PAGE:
For Remembrance Day 2013, I’m going to share with you the brief story of a man who has no family connection to me whatsoever. He made himself known through a photograph found in my cousin’s extensive photo collection.
My 4th cousin in Sydney is one of those people who has myriad photographs stored in suitcases – probably literally hundreds of them. Some have names on them, but sadly not all. She has been a wealth of information about my own family but there are also hidden gems of no direct relevance to me.
Among her collection is this photograph postcard from a young Australian soldier who was killed in World War I, Erle Victor Weiss. Erle was another of the young men, descendants of German ancestors, who fought for King and country in World War I. You will see from his note to his friend that he did not affiliate with the Germans he fought, referring to them as “Huns” in the vernacular of the time. Given the social attitudes of the era I often wonder whether those with German names felt they had to be more English than others, and whether it provoked them into joining up as soon as possible.
Erle had joined in August 1915 and was a bombardier with the 1st Field Artillery Brigade. He had been severely gassed in November 1917 and it was during this period of hospitalisation in England that he wrote to my cousin’s mother.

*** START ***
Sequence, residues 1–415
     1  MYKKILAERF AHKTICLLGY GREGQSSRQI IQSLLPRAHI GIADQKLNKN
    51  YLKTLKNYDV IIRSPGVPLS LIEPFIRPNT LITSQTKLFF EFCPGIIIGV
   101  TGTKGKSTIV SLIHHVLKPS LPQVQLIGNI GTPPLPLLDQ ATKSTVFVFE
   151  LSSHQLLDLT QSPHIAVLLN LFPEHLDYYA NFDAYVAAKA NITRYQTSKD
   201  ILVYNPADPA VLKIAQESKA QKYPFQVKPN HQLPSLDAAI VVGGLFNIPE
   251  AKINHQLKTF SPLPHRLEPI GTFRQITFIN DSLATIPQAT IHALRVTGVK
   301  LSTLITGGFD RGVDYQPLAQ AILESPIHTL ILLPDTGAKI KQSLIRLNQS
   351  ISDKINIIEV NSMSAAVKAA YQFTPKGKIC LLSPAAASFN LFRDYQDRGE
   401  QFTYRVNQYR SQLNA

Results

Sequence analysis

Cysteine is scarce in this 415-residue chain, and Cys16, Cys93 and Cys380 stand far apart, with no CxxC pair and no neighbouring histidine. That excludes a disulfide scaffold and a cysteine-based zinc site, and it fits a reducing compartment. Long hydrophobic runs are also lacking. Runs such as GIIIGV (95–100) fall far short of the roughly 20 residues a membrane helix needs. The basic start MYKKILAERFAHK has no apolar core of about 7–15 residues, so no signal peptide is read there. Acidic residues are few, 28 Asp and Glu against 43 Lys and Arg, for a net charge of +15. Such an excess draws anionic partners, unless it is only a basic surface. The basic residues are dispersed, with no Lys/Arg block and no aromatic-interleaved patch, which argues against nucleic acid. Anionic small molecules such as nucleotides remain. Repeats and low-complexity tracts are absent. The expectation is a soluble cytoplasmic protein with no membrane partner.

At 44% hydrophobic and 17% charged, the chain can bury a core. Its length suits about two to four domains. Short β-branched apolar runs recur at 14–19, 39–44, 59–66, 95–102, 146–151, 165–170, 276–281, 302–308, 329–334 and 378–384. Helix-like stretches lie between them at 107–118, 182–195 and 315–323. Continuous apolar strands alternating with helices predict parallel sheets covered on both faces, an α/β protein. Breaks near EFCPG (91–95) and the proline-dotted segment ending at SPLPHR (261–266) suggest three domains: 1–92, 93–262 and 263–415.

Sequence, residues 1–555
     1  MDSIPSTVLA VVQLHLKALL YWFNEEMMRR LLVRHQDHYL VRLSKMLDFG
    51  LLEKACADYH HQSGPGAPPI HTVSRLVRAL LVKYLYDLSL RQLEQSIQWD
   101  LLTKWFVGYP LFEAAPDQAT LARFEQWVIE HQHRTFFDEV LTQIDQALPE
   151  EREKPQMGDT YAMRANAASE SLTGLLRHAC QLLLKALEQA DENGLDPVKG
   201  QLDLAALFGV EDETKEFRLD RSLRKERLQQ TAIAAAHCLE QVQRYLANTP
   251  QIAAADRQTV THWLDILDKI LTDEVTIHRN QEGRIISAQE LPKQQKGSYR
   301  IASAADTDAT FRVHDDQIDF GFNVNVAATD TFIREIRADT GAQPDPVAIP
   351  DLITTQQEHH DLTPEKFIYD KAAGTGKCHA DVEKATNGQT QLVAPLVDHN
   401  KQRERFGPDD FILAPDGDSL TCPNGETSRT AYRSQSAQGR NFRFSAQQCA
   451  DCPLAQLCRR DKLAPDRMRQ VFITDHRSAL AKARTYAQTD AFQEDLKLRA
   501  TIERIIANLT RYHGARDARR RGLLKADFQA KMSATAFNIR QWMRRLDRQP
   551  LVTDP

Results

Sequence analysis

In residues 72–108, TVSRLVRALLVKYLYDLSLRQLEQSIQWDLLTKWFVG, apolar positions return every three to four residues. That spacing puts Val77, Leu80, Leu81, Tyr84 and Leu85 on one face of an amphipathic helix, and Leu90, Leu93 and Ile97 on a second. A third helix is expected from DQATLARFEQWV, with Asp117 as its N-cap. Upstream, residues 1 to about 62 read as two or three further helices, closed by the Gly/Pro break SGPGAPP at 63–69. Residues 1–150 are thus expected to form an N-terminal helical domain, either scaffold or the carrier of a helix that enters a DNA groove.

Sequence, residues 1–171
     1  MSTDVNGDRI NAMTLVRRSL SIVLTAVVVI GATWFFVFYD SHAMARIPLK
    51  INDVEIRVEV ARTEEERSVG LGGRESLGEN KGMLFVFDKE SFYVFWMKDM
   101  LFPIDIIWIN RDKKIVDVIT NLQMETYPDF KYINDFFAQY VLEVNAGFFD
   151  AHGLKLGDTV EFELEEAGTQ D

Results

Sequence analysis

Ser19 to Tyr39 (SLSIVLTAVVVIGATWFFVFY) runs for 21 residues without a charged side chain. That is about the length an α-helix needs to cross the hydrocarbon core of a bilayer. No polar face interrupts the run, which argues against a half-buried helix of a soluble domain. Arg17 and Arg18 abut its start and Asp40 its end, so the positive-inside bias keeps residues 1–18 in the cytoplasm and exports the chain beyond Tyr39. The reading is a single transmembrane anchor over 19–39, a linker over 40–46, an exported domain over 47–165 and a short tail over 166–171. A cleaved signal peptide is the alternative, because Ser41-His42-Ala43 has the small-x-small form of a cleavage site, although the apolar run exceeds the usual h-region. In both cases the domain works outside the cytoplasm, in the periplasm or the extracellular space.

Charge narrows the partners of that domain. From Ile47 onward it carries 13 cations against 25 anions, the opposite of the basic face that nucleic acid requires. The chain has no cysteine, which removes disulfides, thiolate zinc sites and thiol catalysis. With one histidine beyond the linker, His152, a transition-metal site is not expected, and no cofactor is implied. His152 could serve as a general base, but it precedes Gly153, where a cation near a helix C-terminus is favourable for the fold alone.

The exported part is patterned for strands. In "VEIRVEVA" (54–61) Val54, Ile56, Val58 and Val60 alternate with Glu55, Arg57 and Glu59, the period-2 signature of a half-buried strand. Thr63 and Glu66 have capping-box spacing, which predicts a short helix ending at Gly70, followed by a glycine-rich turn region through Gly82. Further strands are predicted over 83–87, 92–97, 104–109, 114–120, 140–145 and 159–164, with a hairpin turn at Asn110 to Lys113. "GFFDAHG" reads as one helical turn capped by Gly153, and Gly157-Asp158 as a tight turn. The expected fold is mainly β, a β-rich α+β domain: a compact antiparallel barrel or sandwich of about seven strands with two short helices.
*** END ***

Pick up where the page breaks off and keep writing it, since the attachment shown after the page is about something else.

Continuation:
This postcard strikes me as a letter to a young woman with whom he was perhaps in love. Whether she was just a friend or reciprocated his love is unknown, though the fact that the postcard has been preserved all these years suggests she was very fond of him.
Erle was killed on 9 August 1918 nine months after this letter was written and is buried in Heath Cemetery, Harbonnieres. His brother, Frederick Alfred Weiss, died on 19 July 1916, in the Battle of Fromelles. These two young men were the eldest sons of Walter Henry and Amy Selina Weiss who lived at Erina, New South Wales where it seems Walter was a school teacher.
Erle’s friend, Norah, married another former soldier Leslie Gladstone Fisher in 1925 in Surrey Hills. Were the two men friends? Had they ever met?
It is impossible to read the files for the young men who were killed during the war: there is such pathos in each and every letter written to the authorities by their next of kin. All they had left to hope for were some items of their son’s to treasure, and in Erle’s case this amounted to 2 photos, 1 card, a belt a damaged wallet, a pocket book and a scarf. The significance of the war memorials, especially in Australia, is knowing that a memorial and small personal items were the only tangible reminders of their son’s sacrifice.
Among the photos are two unknown soldiers, I thought I would include it here in case someone else recognises them.